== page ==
What's the Difference Between AI, Machine Learning, and Good, Old Analytics?

Ryan Black
APRIL 06, 2018

Everyone in health IT seems to have a slightly different take on what terms like “artificial intelligence,” “machine learning,” and even “data analytics” actually mean. No doubt, they’re all thrown around quite loosely (particularly when PR and marketing are involved).

Take Gurjeet Singh. He’s CEO of Ayasdi, an enterprise-scale AI company. Or analytics house, or machine learning firm, depending on your perspective.

“The problem with those 3 terms is that they aren’t very precise. Machine learning is the most precise of them,” he told Healthcare Analytics News in an interview at last month’s HIMSS meeting in Las Vegas, Nevada. His definition of machine learning—“a set of statistical algorithms in computer science whose primary function is to learn from data”—seems in line with a recent argument made by 2 informaticists in JAMA.

But that pair put everything from the Framingham Risk Score to deep learning systems on the same machine learning spectrum. Singh frames data analytics tools (which many consider risk scores to be) and AI (which others argue deep learning falls into) as distinct from the broader concept of machine learning—even if the reasons are nuanced.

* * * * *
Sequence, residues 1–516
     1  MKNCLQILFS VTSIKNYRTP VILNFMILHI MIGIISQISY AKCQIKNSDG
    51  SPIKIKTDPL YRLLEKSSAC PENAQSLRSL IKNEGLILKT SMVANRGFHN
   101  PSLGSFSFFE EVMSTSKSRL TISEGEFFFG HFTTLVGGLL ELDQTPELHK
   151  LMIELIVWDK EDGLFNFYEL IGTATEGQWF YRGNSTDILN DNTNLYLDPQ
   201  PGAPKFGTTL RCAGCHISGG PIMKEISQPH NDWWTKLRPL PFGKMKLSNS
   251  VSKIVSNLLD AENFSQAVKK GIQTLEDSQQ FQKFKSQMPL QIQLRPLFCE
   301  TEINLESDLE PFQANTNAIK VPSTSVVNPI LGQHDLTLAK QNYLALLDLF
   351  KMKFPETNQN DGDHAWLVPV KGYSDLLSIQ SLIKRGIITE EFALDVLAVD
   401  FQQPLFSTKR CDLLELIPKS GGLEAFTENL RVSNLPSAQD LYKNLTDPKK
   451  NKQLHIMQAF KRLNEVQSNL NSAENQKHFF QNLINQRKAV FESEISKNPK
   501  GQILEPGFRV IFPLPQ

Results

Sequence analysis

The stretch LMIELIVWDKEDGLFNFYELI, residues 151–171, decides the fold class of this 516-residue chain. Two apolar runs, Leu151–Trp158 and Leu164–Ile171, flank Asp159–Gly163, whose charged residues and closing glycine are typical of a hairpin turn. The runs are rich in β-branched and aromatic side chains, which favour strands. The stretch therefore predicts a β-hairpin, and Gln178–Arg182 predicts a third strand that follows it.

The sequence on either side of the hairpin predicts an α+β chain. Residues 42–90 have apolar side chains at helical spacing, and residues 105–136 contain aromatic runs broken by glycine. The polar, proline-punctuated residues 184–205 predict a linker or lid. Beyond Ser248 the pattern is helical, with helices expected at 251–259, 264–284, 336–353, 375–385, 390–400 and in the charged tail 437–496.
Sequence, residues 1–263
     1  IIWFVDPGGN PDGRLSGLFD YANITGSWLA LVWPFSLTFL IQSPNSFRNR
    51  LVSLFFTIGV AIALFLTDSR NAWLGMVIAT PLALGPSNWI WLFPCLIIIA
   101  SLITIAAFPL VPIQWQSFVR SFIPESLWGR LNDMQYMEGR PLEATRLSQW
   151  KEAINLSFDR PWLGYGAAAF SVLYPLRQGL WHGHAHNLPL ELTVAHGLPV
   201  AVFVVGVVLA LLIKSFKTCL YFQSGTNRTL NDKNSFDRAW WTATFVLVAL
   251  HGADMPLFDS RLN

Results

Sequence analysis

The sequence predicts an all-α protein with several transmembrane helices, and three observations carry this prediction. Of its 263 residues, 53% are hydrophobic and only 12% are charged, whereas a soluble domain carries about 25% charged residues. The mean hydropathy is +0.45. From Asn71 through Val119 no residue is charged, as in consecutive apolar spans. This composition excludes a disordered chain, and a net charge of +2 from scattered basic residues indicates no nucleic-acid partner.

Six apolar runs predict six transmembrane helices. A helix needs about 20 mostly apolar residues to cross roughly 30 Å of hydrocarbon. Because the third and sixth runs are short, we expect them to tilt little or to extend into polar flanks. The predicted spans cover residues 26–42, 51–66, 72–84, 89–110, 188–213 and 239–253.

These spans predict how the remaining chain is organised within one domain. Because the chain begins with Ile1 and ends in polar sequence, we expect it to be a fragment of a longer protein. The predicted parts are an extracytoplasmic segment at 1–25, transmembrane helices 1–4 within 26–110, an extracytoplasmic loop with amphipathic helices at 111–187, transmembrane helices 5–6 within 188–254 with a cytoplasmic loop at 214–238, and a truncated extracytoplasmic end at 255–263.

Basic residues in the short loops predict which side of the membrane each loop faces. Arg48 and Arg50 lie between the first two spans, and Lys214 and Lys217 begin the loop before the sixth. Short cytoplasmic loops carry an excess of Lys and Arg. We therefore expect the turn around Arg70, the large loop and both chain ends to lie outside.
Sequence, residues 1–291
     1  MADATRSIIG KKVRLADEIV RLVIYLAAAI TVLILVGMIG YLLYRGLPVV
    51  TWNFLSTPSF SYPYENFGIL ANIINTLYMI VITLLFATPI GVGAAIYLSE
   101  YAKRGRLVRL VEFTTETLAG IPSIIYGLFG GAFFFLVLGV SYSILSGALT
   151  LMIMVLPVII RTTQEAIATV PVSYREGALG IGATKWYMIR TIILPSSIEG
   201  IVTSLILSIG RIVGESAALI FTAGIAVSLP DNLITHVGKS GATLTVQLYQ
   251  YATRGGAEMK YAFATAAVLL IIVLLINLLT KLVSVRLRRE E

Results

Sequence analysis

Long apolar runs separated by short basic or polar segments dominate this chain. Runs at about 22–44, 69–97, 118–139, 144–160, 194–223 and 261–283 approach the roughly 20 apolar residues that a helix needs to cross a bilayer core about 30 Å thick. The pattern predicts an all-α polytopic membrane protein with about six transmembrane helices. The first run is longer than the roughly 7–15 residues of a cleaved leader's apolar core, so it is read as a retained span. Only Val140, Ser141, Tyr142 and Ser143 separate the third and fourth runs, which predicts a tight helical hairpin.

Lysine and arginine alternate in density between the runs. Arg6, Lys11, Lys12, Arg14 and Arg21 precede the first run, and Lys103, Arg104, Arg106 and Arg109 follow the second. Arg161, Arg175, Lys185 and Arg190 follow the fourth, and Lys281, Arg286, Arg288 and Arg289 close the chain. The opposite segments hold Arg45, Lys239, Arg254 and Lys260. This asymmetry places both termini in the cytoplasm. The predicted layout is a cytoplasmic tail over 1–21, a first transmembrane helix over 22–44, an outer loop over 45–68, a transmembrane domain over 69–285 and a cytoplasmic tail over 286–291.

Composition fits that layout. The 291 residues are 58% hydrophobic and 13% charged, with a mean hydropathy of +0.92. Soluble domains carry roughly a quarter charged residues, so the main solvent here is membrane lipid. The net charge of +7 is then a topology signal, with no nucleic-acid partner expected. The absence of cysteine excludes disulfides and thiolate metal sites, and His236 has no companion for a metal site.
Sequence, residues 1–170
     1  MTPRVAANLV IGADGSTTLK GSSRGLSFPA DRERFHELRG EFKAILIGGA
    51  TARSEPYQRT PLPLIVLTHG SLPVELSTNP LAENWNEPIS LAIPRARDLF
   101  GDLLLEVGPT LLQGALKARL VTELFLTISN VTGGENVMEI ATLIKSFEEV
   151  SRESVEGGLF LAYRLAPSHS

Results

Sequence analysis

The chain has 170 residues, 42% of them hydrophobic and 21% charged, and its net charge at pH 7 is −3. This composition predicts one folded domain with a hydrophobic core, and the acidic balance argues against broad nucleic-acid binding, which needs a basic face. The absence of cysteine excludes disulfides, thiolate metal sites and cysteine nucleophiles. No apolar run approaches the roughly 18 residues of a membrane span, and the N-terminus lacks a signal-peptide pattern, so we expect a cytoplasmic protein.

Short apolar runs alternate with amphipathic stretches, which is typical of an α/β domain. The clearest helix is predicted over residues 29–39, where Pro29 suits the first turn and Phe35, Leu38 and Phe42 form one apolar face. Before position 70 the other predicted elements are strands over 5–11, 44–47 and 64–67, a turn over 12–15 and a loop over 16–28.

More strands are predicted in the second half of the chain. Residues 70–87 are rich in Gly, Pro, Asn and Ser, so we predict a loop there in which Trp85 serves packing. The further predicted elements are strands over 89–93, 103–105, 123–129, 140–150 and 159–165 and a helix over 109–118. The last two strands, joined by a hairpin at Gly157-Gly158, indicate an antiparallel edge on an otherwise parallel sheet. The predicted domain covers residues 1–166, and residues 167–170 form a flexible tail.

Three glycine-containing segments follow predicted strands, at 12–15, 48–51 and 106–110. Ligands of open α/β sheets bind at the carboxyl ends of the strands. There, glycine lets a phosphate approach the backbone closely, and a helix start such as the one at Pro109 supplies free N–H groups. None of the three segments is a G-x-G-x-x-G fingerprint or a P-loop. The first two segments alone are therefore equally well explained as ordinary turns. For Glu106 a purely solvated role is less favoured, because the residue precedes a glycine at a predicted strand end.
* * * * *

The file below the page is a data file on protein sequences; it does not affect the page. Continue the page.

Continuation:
“AI has been an old idea in the study of computer science,” he said. “The fundamental aim of AI is to mimic what people do using software. That’s in the broadest terms applicable. We’re not there yet. And a lot of what we have done in machine learning supports that aim. I can see how AI and machine learning are used interchangeably, because the difference is subtle.”

Singh thinks data analytics have the least stringent minimum threshold. “If you’re looking at a chart of your patient and it’s pulled from a database, that’s data analytics,” he said. “If you’re looking to figure out the top facility in your hospital system and you have a dashboard, that also qualifies as data analytics, right?”

But it’s very different from algorithms that, when shown examples, learn from data. That’s the way I would think about it.”

Related Coverage:
Demystifying Big Data and Machine Learning for Healthcare
Harvard Law to Explore Legal Complexities of Precision Medicine, AI
A New Ethical Wrinkle for Medical Algorithms

Become a contributor